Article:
Maliha Aqeel: When I think about myself as a customer, I think about how I would be inspired to take an action. And for me, it’s about the stories. I want to see people like me in the storytelling. I want to see what the benefit is to me. Some of it is purely functional, like certain products, they are functional. We need them every day in our life, we don’t think too much about it. But other things which may be more discretionary, whether it’s a product or a service, you really want to feel like this is something that’s going to make your life better or is going to transform who you are as an individual. And it doesn’t have to be, you know, that the transformation is you become a completely different person the next day. But rather it makes you want to really do some self-examination and ask yourself, like, if I was to engage in a particular brand, how will that change the way I view myself?

And with some brands, it is about, you know, kind of like the self-love. They allow you to feel better about yourself. And I don’t think people appreciate the power of that enough. It feels sometimes that it shouldn’t really be the brand’s role to make you feel good about yourself, but for some brands, that is exactly it. And you know, if I think about a brand, like let’s say The Body Shop. Whenever I go to the mall, I always drop in on The Body Shop because they have certain scents in their hand creams that I absolutely love. And even if I’m not looking to buy, I will go and put some on and it automatically improves my mood. So, you know, it’s like, I think that’s where brands do have to think about, you know, what is that impression we want to leave behind? But at the, also it’s like, how do we ensure that people see that?

And you know, you made the point earlier about using signage, and that’s exactly it. We are surrounded by neon lights. We are surrounded by messages. We are surrounded by brand names and static posters. But I find, like particularly with static posters, you see them often enough that you start to ignore them. But if you have some kind of a multimedia visual where there’s digital signage, you have something that maybe allows people to interact with that signage. Maybe they are able to control a little bit of the experience of what they would like to see in the signage at the store. You’ll start to notice that it’s the act of being entertained that brings people into your store. Because now you’re not just saying like, you know, just watch something pretty on the storefront, but rather like, hey, why don’t you kind of like play around with the content that we are displaying and that will want you to go inside to see what else they have that can entertain you. How else will they gamify the customer experience?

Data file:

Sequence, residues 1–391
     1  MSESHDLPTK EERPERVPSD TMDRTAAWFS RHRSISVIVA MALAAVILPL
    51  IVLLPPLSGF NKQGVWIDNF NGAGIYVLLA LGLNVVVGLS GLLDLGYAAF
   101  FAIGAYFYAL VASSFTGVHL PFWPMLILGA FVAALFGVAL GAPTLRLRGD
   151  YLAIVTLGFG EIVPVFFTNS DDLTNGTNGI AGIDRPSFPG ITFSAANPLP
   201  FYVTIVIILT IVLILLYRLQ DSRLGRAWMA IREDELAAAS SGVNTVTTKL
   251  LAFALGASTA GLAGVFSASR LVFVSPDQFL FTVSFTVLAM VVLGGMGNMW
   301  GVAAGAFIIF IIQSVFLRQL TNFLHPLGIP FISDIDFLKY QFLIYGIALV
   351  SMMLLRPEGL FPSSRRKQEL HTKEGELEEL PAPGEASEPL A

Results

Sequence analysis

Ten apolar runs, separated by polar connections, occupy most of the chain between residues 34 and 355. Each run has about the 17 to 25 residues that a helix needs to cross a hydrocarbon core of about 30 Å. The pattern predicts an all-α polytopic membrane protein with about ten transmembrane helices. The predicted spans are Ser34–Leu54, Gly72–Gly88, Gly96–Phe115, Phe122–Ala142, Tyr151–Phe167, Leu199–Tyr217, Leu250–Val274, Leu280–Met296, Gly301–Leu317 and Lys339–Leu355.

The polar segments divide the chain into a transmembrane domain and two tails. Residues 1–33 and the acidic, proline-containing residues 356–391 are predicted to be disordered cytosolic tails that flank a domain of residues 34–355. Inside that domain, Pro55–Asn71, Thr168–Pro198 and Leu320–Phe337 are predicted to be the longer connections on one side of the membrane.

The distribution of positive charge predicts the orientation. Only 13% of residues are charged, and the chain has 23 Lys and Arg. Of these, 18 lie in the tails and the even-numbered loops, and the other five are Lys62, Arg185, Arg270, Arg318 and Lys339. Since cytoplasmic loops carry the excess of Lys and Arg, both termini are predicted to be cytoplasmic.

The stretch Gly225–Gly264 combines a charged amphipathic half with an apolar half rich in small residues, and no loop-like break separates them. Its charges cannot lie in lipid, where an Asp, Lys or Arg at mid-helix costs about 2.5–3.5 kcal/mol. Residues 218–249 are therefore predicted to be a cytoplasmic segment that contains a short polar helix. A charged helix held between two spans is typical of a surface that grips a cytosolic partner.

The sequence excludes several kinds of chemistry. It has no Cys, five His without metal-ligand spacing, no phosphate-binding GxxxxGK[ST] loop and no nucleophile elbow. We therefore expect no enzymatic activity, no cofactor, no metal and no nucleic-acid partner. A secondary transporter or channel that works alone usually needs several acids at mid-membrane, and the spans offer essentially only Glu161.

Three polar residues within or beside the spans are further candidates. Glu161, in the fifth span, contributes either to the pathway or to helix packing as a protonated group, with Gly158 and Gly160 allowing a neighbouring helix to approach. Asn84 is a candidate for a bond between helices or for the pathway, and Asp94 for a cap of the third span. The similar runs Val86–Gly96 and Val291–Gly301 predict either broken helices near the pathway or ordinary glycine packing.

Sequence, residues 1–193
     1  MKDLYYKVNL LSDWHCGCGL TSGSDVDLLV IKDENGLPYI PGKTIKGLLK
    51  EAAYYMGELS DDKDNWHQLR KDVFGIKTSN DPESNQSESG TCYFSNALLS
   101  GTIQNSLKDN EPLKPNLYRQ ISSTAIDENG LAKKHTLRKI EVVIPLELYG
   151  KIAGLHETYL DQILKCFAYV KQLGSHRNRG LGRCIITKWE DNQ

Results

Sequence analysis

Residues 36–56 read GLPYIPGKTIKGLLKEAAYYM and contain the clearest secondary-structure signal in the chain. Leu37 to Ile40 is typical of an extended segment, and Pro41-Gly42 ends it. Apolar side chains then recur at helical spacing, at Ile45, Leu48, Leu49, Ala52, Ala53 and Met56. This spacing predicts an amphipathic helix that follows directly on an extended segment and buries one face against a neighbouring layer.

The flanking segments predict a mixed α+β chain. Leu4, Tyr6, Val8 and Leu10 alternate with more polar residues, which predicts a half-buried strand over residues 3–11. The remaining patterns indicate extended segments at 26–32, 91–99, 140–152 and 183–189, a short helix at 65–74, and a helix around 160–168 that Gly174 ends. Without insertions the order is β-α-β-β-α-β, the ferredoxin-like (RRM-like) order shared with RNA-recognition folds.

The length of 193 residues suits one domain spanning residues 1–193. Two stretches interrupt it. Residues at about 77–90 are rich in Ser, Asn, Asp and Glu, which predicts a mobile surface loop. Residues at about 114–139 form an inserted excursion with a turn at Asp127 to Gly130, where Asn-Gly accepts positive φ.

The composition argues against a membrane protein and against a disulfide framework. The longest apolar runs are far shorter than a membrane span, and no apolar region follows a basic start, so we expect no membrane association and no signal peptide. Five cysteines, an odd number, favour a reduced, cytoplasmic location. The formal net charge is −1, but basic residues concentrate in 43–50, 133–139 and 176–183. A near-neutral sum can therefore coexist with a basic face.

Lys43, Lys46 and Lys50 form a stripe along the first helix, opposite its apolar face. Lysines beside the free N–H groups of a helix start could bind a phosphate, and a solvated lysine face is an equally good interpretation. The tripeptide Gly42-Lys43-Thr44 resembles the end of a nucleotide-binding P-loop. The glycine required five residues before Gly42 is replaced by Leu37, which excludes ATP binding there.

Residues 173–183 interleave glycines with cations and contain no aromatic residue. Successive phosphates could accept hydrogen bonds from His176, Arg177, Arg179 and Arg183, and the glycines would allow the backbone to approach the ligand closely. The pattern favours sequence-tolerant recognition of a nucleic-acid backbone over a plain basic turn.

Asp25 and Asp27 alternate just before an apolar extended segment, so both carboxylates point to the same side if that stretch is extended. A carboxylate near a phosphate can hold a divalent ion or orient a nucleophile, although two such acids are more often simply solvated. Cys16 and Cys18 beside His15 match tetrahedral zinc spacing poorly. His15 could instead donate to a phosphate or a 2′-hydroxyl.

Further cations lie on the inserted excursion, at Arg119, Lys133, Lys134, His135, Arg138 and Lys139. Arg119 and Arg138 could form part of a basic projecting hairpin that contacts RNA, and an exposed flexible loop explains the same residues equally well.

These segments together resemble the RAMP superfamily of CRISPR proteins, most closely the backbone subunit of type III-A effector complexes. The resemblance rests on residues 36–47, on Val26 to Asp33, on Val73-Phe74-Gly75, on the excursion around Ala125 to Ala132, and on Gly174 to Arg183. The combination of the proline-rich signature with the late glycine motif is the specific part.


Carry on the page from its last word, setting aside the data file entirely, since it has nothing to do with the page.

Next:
And I think those things are how brands stand out, because right now it is about standing out in a crowded space. How do you say pick me? You do it by being creative about how you display your values, how you tell the story and how you get people to engage with it in some shape or form.

Derek DeWitt: As you sort of mentioned or alluded to, the modern age is strikingly different, at least on the surface as to how things used to be in the past. We are simply bombarded with this stuff, and we have so many options available to us. And yet as communicators, we do have things like digital signage.

And when digital signage started out, it was essentially a, let’s call it a locally-broadcast PowerPoint. And now it is so much more, it’s, it’s interactivity, it’s data mapping, it’s pulling from live web data sources. There’s just a ton of stuff going on now. There’s voice-activated interfaces and gesture control, and a number of other things. Some things are even completely appless. You can book rooms and, and just do a ton of different things with this technology.

So, here’s a person who has been tasked with, okay, here’s this preposterously tricked out hot rod of a car. Go be fast and wow everybody, and make sure that you achieve certain goals, good luck. And they’re just going, oh my God, I don’t even, I drive a car, but I never really even thought about all these other things.

So, then there’s an organization like IABC, which very clearly has said right on their website, the reason that it kind of exists is to help people develop knowledge, skills and behaviors within sort of a global standard of purposes and principles. And I think that’s, it’s laudable and it’s also very useful for people no matter what their background or what their level of education is or even their level of interest.

Maliha Aqeel: You know, one of the things about IABC, there’s a focus on producing knowledge, and that knowledge is disseminated through various channels. Some of them are master classes, which are online classes on a very specific topic. And those are open to non-members. So if you have someone in the organization tasked with identifying the digital signage opportunities, they could go to an organization like IABC, do a search on the website to see if there’s any resources that come up, whether it’s a masterclass or it’s an article in the online magazine Catalyst. Or perhaps it’s a webinar that was offered a while back and the recording may be available. Some of these resources do have a cost associated with it. So, I think sometimes it’s just about knowing that the resource exists if even if you’re not able to partake in it. But things like the articles, those are available and so you’re able to read and, and get the knowledge that you may be looking for.

But the one thing that I would recommend to someone who’s a non-communication professional that’s been tasked with what I call managing a particular channel or sourcing a channel, is to go to the communication or marketing team in your organization and ask them about what you should be looking for.